Here's Why You Should Never Bring Your Own Cake to a Restaurant

One general manager is shaming customers who bring them in with an Instagram account.

(Image credit: Getty)

On occasion, store-bought cakes can be beautiful (especially when inscribed with Drake lyrics). But usually, they're quite dismal and sometimes even offensive. And while no one is really going to mind if these abominations are eaten in the privacy of your own home, it's an entirely different story when customers arrive to an upscale dinner out with one in hand. In fact, restaurant folks are sick of seeing them turn up.

Neal McCarthy—co-owner and general manager of Atlanta restaurant Miller Union—is one such person, and he's calling for an end to this trend. In an interview with the New York Times, McCarthy explained that, "These people sought out a nice restaurant, yet they undermine it by bringing in the world's most hideous cakes."

There's no denying that this trick has its upsides: A larger amount of cake for a remarkably cheaper price is perfect for a large group, especially when eating at high-end restaurants where the check is more likely to stack up. But if you're already planning on spending a lot, why not go the extra mile for a gourmet dessert? And when so many chefs find it totally insulting, you run the risk of looking like a fool, which certainly does not make for a very happy birthday.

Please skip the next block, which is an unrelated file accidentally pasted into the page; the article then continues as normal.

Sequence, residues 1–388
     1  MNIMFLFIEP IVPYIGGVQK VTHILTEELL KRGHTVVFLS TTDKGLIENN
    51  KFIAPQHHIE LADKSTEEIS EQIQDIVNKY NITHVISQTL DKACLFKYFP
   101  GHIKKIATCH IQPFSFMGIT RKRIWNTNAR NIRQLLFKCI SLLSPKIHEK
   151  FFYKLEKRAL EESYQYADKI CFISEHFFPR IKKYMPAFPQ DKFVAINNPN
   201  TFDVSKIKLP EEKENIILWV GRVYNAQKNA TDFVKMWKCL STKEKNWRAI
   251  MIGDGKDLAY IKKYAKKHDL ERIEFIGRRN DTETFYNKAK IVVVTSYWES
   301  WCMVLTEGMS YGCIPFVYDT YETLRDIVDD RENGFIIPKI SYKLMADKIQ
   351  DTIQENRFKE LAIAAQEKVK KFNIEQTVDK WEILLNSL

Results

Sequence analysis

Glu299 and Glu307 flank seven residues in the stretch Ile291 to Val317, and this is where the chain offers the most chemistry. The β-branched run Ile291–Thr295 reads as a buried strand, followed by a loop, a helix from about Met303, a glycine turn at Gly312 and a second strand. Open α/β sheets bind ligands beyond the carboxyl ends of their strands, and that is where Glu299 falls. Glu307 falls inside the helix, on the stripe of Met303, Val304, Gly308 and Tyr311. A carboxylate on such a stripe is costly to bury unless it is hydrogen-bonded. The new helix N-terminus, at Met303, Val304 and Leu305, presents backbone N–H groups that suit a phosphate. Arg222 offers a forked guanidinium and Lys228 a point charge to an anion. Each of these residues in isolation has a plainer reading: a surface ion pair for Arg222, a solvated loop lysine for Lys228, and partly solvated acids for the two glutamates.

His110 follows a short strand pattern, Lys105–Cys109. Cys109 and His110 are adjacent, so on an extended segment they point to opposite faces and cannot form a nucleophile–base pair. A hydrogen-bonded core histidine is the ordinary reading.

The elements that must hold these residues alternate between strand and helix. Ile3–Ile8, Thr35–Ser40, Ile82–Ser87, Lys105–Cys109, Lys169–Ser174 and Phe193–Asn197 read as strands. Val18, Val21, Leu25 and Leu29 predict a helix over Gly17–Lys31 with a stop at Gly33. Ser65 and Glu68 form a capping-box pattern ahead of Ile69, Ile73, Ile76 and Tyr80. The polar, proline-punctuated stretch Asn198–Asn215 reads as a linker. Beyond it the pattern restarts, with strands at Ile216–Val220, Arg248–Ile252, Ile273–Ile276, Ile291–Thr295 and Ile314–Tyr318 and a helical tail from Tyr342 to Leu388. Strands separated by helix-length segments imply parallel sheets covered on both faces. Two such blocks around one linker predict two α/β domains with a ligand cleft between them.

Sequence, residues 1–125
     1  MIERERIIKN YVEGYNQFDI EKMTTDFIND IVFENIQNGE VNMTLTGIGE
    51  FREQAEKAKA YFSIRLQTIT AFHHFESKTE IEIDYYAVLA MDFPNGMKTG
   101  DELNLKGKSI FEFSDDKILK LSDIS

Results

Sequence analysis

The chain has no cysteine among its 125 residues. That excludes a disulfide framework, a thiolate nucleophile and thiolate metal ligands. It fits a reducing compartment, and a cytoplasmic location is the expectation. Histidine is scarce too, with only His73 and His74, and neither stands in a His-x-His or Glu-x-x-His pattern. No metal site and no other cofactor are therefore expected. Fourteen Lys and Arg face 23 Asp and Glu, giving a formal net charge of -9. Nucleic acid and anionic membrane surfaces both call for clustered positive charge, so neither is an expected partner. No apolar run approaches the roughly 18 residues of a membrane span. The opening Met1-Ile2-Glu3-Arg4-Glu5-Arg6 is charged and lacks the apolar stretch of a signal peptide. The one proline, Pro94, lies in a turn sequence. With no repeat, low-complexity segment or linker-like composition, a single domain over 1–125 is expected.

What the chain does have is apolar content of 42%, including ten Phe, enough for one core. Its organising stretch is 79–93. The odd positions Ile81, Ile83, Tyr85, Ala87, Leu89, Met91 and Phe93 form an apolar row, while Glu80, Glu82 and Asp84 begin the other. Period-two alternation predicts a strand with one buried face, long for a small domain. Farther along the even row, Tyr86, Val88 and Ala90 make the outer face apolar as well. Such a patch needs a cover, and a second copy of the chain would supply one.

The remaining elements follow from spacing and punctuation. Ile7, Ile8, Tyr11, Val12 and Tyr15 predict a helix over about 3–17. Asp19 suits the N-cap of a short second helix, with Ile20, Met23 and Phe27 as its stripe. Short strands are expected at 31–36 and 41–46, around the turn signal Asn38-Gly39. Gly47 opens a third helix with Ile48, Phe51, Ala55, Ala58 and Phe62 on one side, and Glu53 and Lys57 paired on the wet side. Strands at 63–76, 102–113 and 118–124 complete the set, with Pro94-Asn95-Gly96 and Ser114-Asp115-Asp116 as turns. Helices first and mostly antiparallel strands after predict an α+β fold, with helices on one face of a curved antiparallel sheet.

While most restaurants simply stick to charging customers a "cakeage" fee (similar to a corkage fee), McCarthy and chef Steven Satterfield aren't going out without a fight: The duo have started posting all the ugly cakes that customers bring in on their Instagram account. Unfortunately, it's private so we can't actually see any of these likely very hilarious monstrosities for ourselves, but the New York Times got a peak if you need to see these for yourself.

Though chefs have never been particularly quiet about their distaste for the unsavory tradition, McCarthy and Satterfield's efforts seem to have started something of an uprising. A number of publications have covered the news in the last few days and other chefs are beginning to tweet in solidarity.

But if the internet doesn't embarrass customers into nixing the trend once and for all (which it likely wont), hopefully it will at least get them to bring in prettier cakes.

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